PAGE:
In the world of food, transparency is paramount, especially when it comes to allergens. The primary objective of declaring food allergens is to ensure consumer safety. For individuals with food allergies, consuming even a trace amount of an allergen can trigger severe and potentially life-threatening reactions.
Beyond safety, food producers and sellers have a legal and ethical responsibility. Neglecting this duty can lead to legal consequences and harm a brand’s reputation. It’s not just about following the rules; it’s about demonstrating a commitment to consumer well-being.
Maintaining the integrity of allergen-free foods is vital. Proper labelling not only informs consumers but also guides food handlers and helps in preventing cross-contamination.
In addition to allergen declarations, some food labels use ‘may contain’ or ‘may be present’ statements to indicate the potential unintended presence of allergens during food manufacture. For example, you might encounter labels saying ‘may contain milk.’ This precautionary allergen labelling (PAL) is voluntary and made by food suppliers. It’s important to note that the Food Standards Code doesn’t regulate these statements.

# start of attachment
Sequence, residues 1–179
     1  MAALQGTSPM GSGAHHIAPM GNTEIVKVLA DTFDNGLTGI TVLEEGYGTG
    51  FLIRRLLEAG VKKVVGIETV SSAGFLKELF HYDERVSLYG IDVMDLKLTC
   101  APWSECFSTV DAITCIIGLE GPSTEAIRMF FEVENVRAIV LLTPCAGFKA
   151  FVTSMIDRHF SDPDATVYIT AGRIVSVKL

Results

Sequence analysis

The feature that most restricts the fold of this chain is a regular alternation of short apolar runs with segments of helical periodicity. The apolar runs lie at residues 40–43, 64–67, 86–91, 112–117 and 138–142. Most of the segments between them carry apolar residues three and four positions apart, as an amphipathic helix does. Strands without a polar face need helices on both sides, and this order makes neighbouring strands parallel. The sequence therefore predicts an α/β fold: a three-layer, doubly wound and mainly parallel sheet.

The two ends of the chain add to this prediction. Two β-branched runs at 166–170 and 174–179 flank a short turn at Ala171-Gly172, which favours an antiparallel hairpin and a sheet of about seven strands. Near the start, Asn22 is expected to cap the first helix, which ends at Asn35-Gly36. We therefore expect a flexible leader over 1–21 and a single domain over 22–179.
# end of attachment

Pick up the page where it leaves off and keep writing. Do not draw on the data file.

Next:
From 24 February 2024, there are regulatory changes to Allergen labelling requirements. These changes reflect a concerted effort by both countries to prioritise consumer safety and ensure that individuals with food allergies can trust the information provided on food labels.
What Do These Changes Exactly Mean for the Alcohol industry?
Let’s break it down:
- Required Allergen Names: Food labels must now use a specific set of required names for allergens, ensuring clarity and consistency in allergen labelling.
- Listing Allergens in Bold Font: Allergens in ingredient lists must be highlighted in bold font.
- Specific Nut Names: While not super common in beer, wines and spirits, there are nine specified tree nuts, individual names must be used rather than generic terms.
- Use of ‘Fish,’ ‘Mollusc,’ or ‘Crustacea’: Depending on the specific allergenic ingredient, labels should clearly state ‘fish,’ ‘mollusc,’ or ‘crustacea’ as appropriate. However, there is an exception for isinglass (fish) used in beer or wine. (New Zealand Food Safety, 2022)
- Mandatory Contains Statement: The contains statement is a crucial part of allergen declaration. It’s now mandatory and must start with the word ‘Contains,’ followed by a clear listing of allergens. Eg: ‘May contain peanuts’
- Separating ‘Wheat’ from ‘Gluten’: ‘Wheat’ and ‘gluten’ are no longer grouped together. They must be listed as separate allergens. However, there is an exception for alcohol distilled from wheat or whey, as those products have been marked as safe for people with allergies. (New Zealand Food Safety, 2022)
These changes, implemented as part of updated regulations, aim to enhance transparency and safety in food labelling. By following these guidelines, businesses can ensure that consumers have the information they need to make safe choices about the food they consume.
Read more about this in the documents below:
New Zealand Food Safety. (2022, April). Allergen labelling – Knowing what’s in your food and how to label it. Retrieved from Ministry for Primary Industries: https://www.mpi.govt.nz/dmsdocument/50725-Allergen-labelling-Knowing-whats-in-your-food-and-how-to-label-it